OPINION BY JUDGE KRAMER, November 13, 1972:
This is an appeal from an order of the Court of Common Pleas of Philadelphia County affirming the decision of the Workmen's Compensation Board (Board) and dismissing the appeal of Katie Bullock (Bullock), widow of William Bullock, Sr., and on behalf of her minor son. The Board had set aside certain of the Referee's findings of fact and conclusions of the law, whereby the Board denied the claim of Bullock for workmen's compensation benefits claimed to be due as a result of her husband's death.
The sole question presented by Bullock to this Court is whether the decedent at the time of his injury, which
We must first point out, as we said in the case of Scott & Statesman Ins. Co. v. DeAngelis, 3 Pa.Commw. 168, 281 A.2d 172 (1971), and as Section 423 of the Workmen's Compensation Act, Act of June 2, 1915, P.L. 736, as amended, 77 P.S. § 854 states, the Referee is the Board's agent, and the Board has the power to disregard the findings of fact made by the Referee. The Board may substitute its own findings for those of the Referee so long as it does not capriciously disregard the evidence in making its substituted findings of fact and conclusions of law.
Numerous recent cases reiterate that where the decision of the Board was against the appellant-claimant, our scope of review is whether the Board's findings of fact are consistent with each other and with its conclusions of law, and can be sustained without a capricious disregard of the evidence. See Gayer v. Quaker Hair Goods Co., 5 Pa.Commw. 133, 289 A.2d 763 (1972); Pellegrino v. Baldwin-Lima-Hamilton Corp., 5 Pa.Commw. 150, 289 A.2d 531 (1972); Stump v. Follmer Trucking Co., 4 Pa.Commw. 110, 286 A.2d 1 (1972); Segzda v. Jones & Laughlin Steel Corp., 4 Pa.Commw. 498, 287 A.2d 708 (1972). These cases also hold that it is not within the province of the reviewing court to weigh conflicting testimony or to decide what inferences should be drawn therefrom. The credibility and weight of the testimony is for the Board. The burden is on the claimant to prove the necessary elements which will support a claim for workmen's compensation.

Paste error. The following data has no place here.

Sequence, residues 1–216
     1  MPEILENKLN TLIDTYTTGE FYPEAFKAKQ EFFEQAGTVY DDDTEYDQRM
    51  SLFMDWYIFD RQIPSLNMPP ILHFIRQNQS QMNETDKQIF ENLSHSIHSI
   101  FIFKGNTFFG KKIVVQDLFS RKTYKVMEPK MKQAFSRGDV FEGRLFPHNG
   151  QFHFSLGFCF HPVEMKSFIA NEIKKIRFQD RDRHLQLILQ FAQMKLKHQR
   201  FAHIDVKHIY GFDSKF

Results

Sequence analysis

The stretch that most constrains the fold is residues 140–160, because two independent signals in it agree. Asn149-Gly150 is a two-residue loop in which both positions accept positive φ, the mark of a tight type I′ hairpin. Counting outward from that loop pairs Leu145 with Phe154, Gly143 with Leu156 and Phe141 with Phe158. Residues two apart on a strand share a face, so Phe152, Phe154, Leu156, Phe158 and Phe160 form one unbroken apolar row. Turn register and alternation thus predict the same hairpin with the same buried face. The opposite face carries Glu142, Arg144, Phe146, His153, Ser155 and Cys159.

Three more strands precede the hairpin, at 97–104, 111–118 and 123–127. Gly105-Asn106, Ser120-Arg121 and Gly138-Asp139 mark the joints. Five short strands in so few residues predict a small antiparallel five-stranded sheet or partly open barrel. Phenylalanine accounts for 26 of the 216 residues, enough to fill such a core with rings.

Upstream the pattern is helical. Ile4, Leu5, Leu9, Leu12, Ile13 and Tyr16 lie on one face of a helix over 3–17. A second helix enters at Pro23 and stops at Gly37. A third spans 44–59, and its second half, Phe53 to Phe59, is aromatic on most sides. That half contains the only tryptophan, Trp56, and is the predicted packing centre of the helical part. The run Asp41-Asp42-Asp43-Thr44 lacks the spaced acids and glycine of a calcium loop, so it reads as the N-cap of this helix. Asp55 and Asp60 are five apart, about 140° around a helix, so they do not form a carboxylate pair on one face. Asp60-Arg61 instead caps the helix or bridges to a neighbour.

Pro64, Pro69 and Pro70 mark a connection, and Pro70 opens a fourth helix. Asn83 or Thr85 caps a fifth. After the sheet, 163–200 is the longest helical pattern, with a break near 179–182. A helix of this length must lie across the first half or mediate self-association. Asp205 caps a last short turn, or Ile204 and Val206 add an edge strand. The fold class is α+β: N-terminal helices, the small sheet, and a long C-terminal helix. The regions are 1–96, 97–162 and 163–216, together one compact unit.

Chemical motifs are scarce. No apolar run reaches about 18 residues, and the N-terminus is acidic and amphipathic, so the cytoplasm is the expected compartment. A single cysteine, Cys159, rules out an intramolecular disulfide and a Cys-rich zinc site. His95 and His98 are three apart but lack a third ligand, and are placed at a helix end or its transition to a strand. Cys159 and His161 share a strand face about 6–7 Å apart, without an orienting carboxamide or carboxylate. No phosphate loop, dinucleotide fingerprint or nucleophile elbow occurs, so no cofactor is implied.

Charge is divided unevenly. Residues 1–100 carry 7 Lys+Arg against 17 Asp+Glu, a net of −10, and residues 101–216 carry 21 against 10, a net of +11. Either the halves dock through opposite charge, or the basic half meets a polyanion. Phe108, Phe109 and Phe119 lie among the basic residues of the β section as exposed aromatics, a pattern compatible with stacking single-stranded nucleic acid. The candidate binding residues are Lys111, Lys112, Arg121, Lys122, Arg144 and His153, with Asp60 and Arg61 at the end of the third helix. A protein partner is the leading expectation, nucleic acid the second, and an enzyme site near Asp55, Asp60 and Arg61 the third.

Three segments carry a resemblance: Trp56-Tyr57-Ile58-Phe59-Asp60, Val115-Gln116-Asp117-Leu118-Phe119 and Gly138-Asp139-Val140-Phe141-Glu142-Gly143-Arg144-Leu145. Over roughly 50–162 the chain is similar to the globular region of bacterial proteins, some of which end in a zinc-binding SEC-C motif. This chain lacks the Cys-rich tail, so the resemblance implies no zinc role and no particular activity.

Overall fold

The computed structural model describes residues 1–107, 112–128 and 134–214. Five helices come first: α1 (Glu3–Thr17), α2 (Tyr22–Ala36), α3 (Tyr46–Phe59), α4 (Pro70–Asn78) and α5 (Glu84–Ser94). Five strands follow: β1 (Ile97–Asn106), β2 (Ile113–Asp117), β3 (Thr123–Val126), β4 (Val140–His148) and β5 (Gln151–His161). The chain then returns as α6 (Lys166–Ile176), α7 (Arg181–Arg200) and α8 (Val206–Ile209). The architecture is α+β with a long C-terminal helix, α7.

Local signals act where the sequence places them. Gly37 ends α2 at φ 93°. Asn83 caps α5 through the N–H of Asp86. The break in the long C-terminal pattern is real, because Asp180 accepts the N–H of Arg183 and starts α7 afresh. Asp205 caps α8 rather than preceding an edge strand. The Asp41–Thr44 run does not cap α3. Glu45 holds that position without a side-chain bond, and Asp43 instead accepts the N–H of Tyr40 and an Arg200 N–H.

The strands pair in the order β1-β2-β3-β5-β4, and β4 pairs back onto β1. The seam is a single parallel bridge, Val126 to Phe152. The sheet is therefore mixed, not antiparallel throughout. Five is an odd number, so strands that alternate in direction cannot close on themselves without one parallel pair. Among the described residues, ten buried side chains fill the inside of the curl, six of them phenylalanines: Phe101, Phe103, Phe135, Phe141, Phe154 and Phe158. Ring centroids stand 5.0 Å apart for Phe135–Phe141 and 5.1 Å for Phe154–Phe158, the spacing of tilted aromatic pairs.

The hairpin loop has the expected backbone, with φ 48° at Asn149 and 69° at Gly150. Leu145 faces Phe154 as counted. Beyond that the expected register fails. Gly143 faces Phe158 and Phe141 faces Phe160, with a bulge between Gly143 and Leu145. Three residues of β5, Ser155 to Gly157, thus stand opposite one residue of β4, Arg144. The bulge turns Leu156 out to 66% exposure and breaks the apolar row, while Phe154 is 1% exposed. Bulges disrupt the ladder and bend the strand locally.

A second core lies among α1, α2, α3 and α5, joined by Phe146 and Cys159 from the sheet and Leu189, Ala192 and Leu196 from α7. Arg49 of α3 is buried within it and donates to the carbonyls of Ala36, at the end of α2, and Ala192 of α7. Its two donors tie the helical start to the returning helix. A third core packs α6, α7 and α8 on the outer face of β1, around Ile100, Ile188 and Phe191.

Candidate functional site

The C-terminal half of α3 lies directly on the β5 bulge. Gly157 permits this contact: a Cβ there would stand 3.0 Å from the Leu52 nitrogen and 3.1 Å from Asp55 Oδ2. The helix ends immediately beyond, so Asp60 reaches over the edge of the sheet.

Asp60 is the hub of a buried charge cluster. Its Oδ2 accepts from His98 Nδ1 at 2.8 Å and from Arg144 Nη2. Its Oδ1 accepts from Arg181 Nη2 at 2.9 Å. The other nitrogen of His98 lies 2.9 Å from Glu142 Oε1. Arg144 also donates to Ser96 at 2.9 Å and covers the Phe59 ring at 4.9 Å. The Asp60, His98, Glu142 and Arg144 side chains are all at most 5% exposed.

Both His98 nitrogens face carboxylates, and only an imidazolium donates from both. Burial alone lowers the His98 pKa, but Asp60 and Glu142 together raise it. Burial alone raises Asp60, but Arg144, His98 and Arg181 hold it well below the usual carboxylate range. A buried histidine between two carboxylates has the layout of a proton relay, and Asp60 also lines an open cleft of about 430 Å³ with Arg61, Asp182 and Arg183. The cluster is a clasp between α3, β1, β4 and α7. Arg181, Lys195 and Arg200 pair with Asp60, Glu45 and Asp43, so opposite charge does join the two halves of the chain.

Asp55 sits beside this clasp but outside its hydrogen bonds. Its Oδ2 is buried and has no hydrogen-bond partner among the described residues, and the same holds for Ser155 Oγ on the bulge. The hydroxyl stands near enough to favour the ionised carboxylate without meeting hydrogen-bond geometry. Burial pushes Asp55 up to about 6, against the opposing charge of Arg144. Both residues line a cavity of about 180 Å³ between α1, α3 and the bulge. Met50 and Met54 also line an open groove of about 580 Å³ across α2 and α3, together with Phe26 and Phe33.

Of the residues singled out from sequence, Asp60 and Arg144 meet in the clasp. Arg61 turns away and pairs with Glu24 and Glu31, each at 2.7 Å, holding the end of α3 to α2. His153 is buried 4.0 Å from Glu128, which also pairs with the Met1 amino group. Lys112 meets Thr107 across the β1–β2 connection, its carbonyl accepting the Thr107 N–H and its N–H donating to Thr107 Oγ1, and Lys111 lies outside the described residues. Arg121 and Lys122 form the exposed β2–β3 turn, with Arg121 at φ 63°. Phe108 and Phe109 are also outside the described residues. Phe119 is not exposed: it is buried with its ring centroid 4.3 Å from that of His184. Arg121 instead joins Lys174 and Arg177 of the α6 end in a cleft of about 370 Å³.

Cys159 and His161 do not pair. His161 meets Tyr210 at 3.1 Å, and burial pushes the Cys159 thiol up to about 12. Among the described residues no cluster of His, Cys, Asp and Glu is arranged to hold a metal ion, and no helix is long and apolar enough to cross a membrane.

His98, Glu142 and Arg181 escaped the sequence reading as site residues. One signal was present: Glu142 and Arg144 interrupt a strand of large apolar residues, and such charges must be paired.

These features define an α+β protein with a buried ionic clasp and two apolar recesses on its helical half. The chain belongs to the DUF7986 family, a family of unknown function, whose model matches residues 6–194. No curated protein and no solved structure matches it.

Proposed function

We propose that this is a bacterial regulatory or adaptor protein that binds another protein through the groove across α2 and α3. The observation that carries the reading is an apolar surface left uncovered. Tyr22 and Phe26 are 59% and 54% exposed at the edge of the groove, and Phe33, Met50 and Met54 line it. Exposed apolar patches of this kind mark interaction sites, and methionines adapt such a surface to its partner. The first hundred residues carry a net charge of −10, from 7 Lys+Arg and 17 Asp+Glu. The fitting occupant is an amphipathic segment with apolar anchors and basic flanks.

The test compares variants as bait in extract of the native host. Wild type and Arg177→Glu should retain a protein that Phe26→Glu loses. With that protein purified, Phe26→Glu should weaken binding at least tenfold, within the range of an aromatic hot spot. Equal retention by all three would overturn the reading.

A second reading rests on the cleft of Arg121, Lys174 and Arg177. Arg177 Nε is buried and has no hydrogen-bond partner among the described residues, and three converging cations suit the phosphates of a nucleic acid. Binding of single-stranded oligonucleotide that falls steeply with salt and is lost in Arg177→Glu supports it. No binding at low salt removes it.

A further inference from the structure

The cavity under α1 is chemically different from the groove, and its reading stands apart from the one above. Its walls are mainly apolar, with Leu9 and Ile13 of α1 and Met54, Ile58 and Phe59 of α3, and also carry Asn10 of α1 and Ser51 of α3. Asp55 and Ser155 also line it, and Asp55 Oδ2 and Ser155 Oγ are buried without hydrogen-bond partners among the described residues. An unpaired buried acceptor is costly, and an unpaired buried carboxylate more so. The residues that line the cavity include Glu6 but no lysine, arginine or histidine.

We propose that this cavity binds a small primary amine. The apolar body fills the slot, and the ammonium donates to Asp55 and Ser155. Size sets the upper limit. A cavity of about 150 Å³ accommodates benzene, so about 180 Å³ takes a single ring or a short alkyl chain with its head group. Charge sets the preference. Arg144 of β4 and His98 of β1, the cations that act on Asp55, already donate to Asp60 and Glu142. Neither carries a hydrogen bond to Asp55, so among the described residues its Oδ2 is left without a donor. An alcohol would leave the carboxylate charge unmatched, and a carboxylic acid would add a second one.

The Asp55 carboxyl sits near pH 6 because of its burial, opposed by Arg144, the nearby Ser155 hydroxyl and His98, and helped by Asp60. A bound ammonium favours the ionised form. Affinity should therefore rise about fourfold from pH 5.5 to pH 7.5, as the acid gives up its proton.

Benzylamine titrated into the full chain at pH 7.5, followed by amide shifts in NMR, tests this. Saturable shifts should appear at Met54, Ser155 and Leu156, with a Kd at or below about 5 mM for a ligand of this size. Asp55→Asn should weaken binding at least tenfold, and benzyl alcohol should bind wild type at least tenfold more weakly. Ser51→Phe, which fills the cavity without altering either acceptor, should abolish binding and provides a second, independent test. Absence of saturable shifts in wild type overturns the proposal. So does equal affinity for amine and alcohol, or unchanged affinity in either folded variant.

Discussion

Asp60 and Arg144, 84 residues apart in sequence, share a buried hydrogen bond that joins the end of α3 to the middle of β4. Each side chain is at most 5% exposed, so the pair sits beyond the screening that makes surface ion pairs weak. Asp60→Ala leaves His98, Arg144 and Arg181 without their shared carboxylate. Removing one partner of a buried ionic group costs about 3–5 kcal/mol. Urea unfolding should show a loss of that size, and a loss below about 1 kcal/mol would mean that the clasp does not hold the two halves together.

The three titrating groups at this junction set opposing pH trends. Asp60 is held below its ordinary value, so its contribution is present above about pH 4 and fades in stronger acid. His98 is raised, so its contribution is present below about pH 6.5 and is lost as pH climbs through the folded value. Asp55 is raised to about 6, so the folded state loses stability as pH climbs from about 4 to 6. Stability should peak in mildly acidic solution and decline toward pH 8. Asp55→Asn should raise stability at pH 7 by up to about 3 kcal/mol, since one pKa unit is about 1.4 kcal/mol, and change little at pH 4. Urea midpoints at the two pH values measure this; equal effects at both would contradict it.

We have also spelled out what a "capricious disbelief" entails. It is not merely disbelieving a witness. To constitute capricious disbelief there must be a willful, deliberate disbelief of an apparently trustworthy
Whether the decedent was in the course of his employment when fatally injured is a question of law to be determined on the basis of the facts. See Newman v. Congregation of Mercy and Truth, 196 Pa.Super. 350, 175 A.2d 160 (1961). The burden of establishing the facts necessary to bring the injury within the course of employment is upon the claimant. See Smith v. Frederick Investment Co., 152 Pa.Super. 534, 33 A.2d 510 (1943). Section 301(c) of the Workmen's Compensation Act (77 P.S. § 411) states not only that the injury by the accident must be in the course of employment, but also that the injury must be sustained ". . . while the employe is actually engaged in the furtherance of the business or affairs of the employer. . . ."
Following these guidelines we have read and reread the record in this case, and we must conclude that there has been no capricious disregard of the evidence presented to the Board. There is sufficient evidence in this record to permit the Board to find that the decedent was present at the plant site of Horn & Hardart Baking Company for purposes outside the scope of his employment. And by virtue of its findings, the Board was correct in its conclusion that the claimant widow, Bullock, was not entitled to any workmen's compensation benefits for the injury and resulting death of her deceased husband. Whether this Court agrees or disagrees with the Board's finding of fact, we have no power to set aside the Board's finding so long as there